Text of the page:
It was a dark and stormy night . . . oh, wait. No it wasn’t. It was a beautiful, crisp, clear day. Perfect running weather. And run we did. We shot right out of the gates, so to speak. We were going fast enough to see a moose (which they say you have to be near the front to see). Of course, that was before we even hit the first mile marker, so it probably doesn’t mean much. It was still cool. It was also cool that before the race started we got to talk to some of the missionaries who were helping out at the start line (and running the marathon relay) and it was also cool to meet some really crazy marathon runners, like those who are trying to run a marathon in all of the 50 states and DC and those who have a goal to run 52 marathons in one calendar year (that’s 52 in 52, just for the record). It was cool to see the president of my stake growing up at mile 7 and to remember that he was the president of the Anchorage mission now. (It was quite the adrenaline rush: “Hey President Lewis! I’m from Bountiful!” “Oh, you are?! See you at the finish line!” I’m pretty sure I sped up to under an 8 minute mile for the next 1/2 mile at least.) It was even cooler to talk to him afterwards and to find out that he ran the Anchorage marathon in 1999 with Team in Training–I’m assuming in memory of his son, Jimmy, who died of leukemia around that time.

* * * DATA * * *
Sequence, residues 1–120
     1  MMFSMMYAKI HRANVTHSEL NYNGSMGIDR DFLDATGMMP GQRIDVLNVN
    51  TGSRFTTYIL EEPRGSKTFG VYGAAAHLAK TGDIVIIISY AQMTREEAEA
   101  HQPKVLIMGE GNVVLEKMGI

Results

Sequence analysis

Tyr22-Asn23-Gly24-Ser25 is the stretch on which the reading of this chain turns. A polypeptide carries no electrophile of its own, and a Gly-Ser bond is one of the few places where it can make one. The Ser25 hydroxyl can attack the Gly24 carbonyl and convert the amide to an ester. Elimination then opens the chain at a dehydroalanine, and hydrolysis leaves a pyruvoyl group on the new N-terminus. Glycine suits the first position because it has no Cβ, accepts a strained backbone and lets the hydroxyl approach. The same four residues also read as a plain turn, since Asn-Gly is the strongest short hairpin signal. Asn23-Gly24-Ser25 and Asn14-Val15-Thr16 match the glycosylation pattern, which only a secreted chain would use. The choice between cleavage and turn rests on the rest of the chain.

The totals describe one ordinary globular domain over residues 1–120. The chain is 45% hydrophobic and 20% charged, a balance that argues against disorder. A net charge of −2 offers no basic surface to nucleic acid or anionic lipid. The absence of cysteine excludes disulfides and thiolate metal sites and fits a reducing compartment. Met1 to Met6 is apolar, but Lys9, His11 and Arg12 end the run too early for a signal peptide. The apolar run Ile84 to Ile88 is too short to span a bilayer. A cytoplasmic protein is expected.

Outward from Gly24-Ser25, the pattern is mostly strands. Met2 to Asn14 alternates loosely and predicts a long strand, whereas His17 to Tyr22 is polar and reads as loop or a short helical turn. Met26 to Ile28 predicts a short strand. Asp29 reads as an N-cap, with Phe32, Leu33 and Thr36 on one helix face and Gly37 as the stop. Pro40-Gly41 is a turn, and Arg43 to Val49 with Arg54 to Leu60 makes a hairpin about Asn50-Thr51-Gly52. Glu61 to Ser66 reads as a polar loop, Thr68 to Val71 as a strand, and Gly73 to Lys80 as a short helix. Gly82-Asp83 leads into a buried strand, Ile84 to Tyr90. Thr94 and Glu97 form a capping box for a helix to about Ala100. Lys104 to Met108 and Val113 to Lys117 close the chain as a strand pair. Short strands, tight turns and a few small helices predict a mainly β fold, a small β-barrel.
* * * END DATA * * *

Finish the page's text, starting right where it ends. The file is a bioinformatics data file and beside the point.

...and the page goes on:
What was not so cool was the part when we underestimated the tank trails. Seven miles of gravel are not as kind to your feet when you’ve already run nine miles. Even after we got back on the open road our feet were aching. It may have seemed logical to walk a little bit, just until our feet stopped hurting, but by that point it hurts worse to walk than to run, so we kept on keeping on. Except for the parts when we had to stretch out our muscles lest they somehow collapse into themselves and become bowling balls in our legs. And so we went for nine or so more miles, until we reached Insult Hill. Yes, they stuck a hill in the last quarter mile of the race. And it was steep. Not long. Just steep. Lots of people walk it. Our teammate, Ana (pictured with us above) said that when she first saw it she stopped dead in her tracks. It is the point in the marathon when people begin to cry–that is, if the lady sitting by the side of the road at mile 25 thanking all of the TNT people for helping her become a leukemia survivor didn’t get to them. That was the closest I got to an emotional breakdown. But we were tough. We agreed that if nothing else went well for us during the marathon, the least we could do was show that hill who was boss, and show it we did. We busted up that hill like it was nobody’s business. After that it was a piece of cake. The race ended on the track of a high school, and as we came down the home stretch we watched the clock tick away the seconds and pass our goal of 4 hours. Kind of sad, but we’re over it. We sprinted the last straightaway and held hands as we crossed the finish line. 4:01:15. Excellent. We felt great about our time. We didn’t feel so great about the fact that they forgot to set up the “Get Your New Legs Here” tent at the end. Or the fact that we would have had to wait 20 minutes to get a massage. But we agreed that we will do it again. We can beat 4 hours. Wait and see.Special thanks to Ana’s husband, Greg, and Lizzie, Alan, and Tyler Skinner for taking pictures and meeting us at the finish line.